Nir Baram’s first Nonfiction book, which describes his one-year journey in the West bank and East Jerusalem will be published in Hebrew this February by Am Oved publishing house, and then later that month in Germany by Hanser Verlag: (“Im Land der Verzweiflung”). Baram began his journey a couple of months before the war in Gaza (summer 2014) and finished it in the end of 2015 after the new wave of violence erupts. Some of the chapters were published in Haaretz newspaper.

Baram meets a variety of people over the course of this journey: Palestinian-Israeli citizens trapped behind the Separation Wall in Jerusalem, a real no man’s land where neighborhoods have no municipal rule; children living in Kibbutz Nirim who experienced the war in Gaza, the rockets raining down on their homes; young Palestinians, the close friends of the Palestinian boy who was murdered by Jews. He experiences things like being held-up at occupation checkpoints with Palestinian laborers; meeting ex-prisoners from Hamas who have started a Hebrew language school in Ramallah, and ex-prisoners from Fatah who spent years detained in Israeli jails and who are now promoting a new peace initiative. He gets into a secluded settlers’ stronghold in the West Bank, and near Nablus he comes across two Palestinian boys tied up by the side of the road after allegedly trying to stab Israeli soldiers, only to find that the truth is something entirely different.

As the reportage is being written, both major and minor events take place throughout region: riots in the Temple Mount, the abduction of three Jewish boys, the murder of an Arab boy in Jerusalem, the war in Gaza, the building of a new Palestinian city, elections in Israel, a new wave of violence. Baram returns time and again to Jerusalem, the city where he was born and raised, discovering a huge, sprawling city that stretches to include places he’d never even heard of as a boy; a city where a hushed civil war is in full swing.

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World shadow in 2015 best book lists

January 1, 2016EN

World Shadow was chosen for the 2015 best book lists in :
NRC (Netherlands) De standdard (Belgium), Vanguardia (Spain),
Revista Gatopardo (Mexico), El pais global.
Eslobal (Spanish), DETOUR (Spain).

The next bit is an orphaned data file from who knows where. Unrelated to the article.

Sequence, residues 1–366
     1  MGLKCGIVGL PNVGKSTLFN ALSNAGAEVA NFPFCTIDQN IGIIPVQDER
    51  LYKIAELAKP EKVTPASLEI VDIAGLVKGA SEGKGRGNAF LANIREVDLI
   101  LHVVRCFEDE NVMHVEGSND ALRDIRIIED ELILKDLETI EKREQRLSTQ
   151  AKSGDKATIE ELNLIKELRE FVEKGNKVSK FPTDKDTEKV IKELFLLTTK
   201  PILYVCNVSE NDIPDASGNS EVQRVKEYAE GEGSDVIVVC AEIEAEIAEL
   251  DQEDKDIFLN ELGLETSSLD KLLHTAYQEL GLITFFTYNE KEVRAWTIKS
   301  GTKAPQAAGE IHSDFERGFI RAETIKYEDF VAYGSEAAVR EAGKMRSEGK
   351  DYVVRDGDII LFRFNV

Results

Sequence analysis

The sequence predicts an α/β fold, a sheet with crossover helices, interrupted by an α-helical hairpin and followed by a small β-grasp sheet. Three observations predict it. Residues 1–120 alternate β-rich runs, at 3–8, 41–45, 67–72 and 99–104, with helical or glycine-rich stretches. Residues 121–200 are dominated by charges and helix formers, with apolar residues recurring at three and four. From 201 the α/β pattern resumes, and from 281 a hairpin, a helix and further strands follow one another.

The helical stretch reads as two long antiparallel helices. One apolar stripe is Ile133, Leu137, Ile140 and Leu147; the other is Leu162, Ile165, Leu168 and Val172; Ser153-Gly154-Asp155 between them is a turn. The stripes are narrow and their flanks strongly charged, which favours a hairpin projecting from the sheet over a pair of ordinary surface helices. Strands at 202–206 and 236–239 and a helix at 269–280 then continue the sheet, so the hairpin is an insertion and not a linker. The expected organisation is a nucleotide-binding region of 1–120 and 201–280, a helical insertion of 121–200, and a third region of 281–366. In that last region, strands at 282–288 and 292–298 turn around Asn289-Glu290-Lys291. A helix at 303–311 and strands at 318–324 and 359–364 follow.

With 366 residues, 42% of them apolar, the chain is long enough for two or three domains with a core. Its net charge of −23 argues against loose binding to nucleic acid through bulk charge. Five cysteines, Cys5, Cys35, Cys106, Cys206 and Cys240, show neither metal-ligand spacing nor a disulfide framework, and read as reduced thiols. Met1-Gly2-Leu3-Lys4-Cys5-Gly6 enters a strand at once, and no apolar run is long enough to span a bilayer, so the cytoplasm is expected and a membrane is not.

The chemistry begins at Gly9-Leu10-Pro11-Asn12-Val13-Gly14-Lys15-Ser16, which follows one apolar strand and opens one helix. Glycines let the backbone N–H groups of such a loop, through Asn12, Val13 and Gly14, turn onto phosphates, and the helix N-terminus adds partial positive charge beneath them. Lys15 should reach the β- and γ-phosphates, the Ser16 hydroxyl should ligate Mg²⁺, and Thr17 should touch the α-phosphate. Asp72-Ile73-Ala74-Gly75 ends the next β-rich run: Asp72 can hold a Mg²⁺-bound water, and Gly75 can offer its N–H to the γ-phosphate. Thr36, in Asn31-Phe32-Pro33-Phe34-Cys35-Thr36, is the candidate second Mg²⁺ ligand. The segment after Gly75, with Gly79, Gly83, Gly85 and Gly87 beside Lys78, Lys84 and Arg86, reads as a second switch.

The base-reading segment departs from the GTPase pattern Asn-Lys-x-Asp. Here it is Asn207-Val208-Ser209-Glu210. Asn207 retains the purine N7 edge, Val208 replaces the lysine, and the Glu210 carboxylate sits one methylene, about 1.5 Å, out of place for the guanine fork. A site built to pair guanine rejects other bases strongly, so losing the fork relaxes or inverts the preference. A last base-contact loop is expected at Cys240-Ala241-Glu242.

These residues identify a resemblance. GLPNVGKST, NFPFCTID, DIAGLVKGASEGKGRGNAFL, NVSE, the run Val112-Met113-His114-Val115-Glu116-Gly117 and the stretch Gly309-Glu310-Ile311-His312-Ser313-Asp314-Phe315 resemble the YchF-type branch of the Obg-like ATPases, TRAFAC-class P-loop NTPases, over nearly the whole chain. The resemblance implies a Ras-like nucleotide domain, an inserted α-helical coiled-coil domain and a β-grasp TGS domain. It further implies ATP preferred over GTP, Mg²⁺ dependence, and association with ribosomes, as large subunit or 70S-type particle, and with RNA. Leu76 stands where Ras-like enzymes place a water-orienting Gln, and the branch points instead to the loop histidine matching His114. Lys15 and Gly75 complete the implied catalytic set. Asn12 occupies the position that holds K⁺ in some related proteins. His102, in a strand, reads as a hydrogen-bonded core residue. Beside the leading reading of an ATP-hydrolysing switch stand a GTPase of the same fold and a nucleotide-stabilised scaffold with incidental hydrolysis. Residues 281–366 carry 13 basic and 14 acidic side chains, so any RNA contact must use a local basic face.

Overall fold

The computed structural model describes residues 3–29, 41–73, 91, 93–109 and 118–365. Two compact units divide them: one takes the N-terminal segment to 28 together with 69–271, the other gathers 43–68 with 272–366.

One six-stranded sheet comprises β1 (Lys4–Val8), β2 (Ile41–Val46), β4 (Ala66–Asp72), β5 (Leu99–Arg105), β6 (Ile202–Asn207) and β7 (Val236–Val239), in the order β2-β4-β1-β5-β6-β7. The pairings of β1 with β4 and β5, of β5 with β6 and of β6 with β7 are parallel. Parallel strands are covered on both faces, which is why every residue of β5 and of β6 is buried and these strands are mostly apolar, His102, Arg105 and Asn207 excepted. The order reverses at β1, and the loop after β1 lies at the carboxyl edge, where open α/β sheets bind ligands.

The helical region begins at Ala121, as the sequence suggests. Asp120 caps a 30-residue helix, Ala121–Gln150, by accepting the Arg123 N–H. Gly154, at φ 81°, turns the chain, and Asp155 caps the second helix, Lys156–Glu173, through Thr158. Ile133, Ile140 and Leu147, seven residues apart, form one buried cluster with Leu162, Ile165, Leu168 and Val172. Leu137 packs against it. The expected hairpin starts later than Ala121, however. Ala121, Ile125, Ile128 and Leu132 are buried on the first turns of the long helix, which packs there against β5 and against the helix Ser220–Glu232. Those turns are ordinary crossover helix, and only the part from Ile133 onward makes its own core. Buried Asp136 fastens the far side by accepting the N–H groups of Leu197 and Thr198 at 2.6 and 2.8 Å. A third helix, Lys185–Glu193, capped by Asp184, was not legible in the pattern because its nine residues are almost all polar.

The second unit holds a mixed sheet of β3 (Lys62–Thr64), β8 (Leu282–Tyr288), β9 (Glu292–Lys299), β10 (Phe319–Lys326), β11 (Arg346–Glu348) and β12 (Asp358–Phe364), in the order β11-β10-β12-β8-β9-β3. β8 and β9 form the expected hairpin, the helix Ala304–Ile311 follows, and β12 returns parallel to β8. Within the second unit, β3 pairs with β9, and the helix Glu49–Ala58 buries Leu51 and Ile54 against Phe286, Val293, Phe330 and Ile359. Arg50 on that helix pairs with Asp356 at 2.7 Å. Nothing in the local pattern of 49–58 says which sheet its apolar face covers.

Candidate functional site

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World shadow publisher in The Netherlands and Belgium Released a cool and short trailer with many reviews: 5 stars in Nrc, 5 stars in Volkskrant, 5 stars in De Standaard, 4 stars in De morgen.

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de Volskatrat, one of The Netherlands most important newspapers, also publish a 5 stars review about world shadow: “An ambitious novel without borders. This is Hamlet of the 21st Century.”

to read full review online press: read more

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Nir Baram talks about the novel WereldSchaduw but also about writing, how you turn a demon into a story, what does it mean to live in our time, Israel, Jews and Arabs history, fear and even hope.
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In the book supplement of the leading Belgium newspaper De Standraad World Shadow receive a 5 stars review (the highest possible) from Maria Vlaar also in the supplement a substantial interview with Nir Baram:
“Baram looks at the world from all angles, which means his novels can be read in several ways. He is slippery in that way, which reminds me of Hugo Claus. A great personality who shows many different facets of the world to his readers, who writes openly about everything that’s on his mind, but who, ultimately, doesn’t show everything.”
“The revolution that the strike leaders fight for is one of biblical proportions. In the same way in which in some science fiction movies ‘the civilized world’ is flooded by water or taken by aliens -the city of London burns in Wereldschaduw. Everything comes to an end is what Baram seems to say in this stunnig novel.”

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Nir Baram will participate in an evening in De Balie culture center (organized also by Gate 48) in Amsterdam. Baram will talk about his journey in the occupied West Bank and the reportage “Walking the Green line” and his new novel World Shadow.

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Nir Baram opens the Book supplement of the Belgium newspaper “De morgen” with 3 pages of interview and review by the writer Daan Heerma van Voss: “The rebel in Nir Baram, Israel most promising writer”. The head line of the review is “Power meets punk”.

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In a long one page review “world Shadow” receives 5 stars (the highest rate) in NRC book supplement. The review was written by the editor of the supplement Michel Krielaars:
“After ‘Good People’ Baram, the best young writer in Israel, proves his telnet once again with an overwhelming novel. As soon as you have finished World Shadow, you seriously wonder how it is possible a world strike hasn’t broken out in the real world, this is how shocked you are about the perverse workings of the system which Baram confronts you with. After finishing this brilliant written and Frighteningly urgent novel you are convinced something drastically has to change in our society dominated by hunger for money and power. For this fact alone Baram deserves a place in the front line of modern literature”

to read the whole review press read more